What role does digital media play? A buffer against corruption? A platform for causes? An arena for discourse? A tool for propaganda?
How about… all of the above? Tune into a multi-dimensional discussion on the digital media landscape in the face of strongman leaders in power player countries like China, Russia, India, and the U.S. with frontline experts, Emily Parker (Now I Know Who My Comrades Are: Voices from the Internet Underground), David Folkenflik (NPR), and Noopur Raval (UCI Informatics), moderated by Jeffrey Wasserstrom (UCI Chancellor’s Professor of History).
To attend, please register here.
Co-sponsored by the Long Institute and the Forum for the Academy and the Public.
About the Guests
EMILY PARKER is the author of Now I Know Who My Comrades Are: Voices From the Internet Underground which was published by Sarah Crichton Books/Farrar, Straus & Giroux. The book tells the stories of Internet activists in China, Cuba and Russia.
Previously, Emily was a member of Secretary of State Hillary Clinton’s Policy Planning staff at the U.S. Department of State, where she covered 21st-century statecraft, innovation, and technology. While at State she advised on issues related to Internet freedom and open government. Before her time in government, Emily spent over five years working for The Wall Street Journal, first as a writer in Hong Kong and later as a writer and editor in New York. From 2004 to 2005 she wrote a Wall Street Journal column called "Virtual Possibilities: China and the Internet." She is also a former editor at The New York Times.
Emily is currently digital diplomacy advisor and Future Tense fellow at New America. Emily was the Chief Strategy Officer at Parlio, a Silicon Valley start-up that was co-founded by Egyptian activist and former Google executive Wael Ghonim. In 2016, Parlio was acquired by Quora.
DAVID FOLKENFLIK has been NPR’s media correspondent since 2004. His stories, analyses and commentaries appear on such shows as All Things Considered and Morning Edition and he also writes columns and articles for NPR’s website. Folkenflik is author of Murdoch’s World: The Last of the Old Media Empires and the editor of Page One: Inside the New York Times and the Future of Journalism.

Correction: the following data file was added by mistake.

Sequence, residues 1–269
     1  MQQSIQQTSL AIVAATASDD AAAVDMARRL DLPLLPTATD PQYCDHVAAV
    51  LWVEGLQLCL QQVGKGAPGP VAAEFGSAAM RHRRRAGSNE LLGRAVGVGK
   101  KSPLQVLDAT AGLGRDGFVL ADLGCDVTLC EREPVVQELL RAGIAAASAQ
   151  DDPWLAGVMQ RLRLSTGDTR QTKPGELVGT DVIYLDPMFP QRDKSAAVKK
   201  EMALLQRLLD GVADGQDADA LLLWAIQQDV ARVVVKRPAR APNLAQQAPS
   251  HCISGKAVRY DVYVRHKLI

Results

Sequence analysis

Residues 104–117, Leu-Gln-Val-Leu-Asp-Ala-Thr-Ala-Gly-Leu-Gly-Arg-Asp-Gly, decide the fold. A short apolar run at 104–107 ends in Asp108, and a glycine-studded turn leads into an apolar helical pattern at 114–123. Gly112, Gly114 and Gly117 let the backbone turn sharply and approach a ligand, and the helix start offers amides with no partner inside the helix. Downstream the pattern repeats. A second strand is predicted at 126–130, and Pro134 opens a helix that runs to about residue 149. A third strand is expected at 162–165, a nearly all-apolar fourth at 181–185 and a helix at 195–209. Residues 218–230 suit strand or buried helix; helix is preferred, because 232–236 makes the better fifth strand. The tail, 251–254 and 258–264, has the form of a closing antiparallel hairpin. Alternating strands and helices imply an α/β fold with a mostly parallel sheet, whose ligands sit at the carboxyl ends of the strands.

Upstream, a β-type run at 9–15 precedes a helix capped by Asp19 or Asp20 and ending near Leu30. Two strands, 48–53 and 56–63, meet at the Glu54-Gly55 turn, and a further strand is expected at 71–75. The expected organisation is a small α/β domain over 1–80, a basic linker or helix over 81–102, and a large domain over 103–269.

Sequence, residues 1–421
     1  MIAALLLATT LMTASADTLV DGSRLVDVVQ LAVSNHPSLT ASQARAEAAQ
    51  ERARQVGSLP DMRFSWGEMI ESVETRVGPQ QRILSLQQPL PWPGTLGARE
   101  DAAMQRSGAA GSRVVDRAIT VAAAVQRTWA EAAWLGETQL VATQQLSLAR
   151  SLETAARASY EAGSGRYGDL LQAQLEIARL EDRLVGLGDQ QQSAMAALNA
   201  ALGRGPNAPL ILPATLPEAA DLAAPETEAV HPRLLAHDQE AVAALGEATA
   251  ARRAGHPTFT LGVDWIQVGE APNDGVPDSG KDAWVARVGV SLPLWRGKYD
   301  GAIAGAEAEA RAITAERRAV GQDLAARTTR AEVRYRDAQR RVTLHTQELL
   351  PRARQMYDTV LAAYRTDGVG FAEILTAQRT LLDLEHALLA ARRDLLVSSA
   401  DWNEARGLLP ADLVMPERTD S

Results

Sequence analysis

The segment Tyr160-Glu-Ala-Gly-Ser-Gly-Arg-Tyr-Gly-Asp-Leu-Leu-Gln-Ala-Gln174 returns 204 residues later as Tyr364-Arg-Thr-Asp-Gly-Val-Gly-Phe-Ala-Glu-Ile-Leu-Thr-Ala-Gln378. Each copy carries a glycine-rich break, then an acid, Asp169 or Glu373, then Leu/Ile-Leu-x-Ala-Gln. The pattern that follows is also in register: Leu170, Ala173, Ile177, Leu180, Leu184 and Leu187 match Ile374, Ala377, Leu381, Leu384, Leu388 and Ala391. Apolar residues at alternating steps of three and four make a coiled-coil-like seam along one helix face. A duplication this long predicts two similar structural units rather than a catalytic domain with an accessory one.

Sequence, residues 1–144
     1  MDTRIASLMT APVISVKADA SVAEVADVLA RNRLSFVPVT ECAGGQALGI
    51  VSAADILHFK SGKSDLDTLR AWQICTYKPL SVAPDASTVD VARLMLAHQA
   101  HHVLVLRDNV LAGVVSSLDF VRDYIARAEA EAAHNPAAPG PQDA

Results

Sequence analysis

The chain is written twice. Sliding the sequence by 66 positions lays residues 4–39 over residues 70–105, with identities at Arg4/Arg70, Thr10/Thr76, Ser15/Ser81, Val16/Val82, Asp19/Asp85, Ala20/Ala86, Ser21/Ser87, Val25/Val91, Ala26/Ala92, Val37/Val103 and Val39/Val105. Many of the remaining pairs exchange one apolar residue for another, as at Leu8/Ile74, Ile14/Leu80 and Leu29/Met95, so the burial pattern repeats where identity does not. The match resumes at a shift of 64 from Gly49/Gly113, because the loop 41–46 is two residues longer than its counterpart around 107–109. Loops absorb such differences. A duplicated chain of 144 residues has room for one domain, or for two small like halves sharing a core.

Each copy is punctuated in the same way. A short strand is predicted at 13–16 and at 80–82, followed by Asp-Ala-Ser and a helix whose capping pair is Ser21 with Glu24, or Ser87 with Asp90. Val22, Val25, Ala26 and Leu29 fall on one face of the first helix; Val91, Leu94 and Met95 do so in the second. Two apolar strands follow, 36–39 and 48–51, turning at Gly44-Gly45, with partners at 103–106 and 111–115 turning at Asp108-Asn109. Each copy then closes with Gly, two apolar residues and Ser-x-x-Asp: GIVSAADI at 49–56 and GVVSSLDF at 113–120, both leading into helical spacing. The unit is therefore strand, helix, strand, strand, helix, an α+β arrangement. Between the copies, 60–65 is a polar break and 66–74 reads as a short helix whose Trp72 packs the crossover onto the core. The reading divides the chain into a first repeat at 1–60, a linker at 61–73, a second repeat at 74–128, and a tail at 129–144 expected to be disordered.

Folkenflik previously covered media and politics for the Baltimore Sun. A frequent commentator in news outlets across the English-speaking world, Folkenflik has received numerous awards and recognitions for his work, including the 2017 Bart Richards Award for Media Criticism.
NOOPUR RAVAL is a third year PhD student in Informatics at UC Irvine. Her research focuses on evolving technologies and their impact on labor, especially in the developing world. In her past work she studied religious and political media campaigns in North India. She is also an affiliate at the Berkman Klein Center for Internet & Society (Harvard University).
JEFFREY WASSERSTROM is Chancellor’s Professor of History at UC Irvine, where he edits the Journal of Asian Studies and holds courtesy affiliations with the Law School and the Literary Journalism Program. His most recent books are China in the 21st Century: What Everyone Needs to Know (2010 and 2013 editions), Eight Juxtapositions: China through Imperfect Analogies from Mark Twain to Manchukuo (2016), and, as editor, The Oxford Illustrated History of Modern China (2016). In addition to writing for academic journals, he has contributed to many general interest venues, including the New York Times, the TLS, and TIME. He was a co-founder of the China Beat blog and is an advising editor for Los Angeles Review of Books.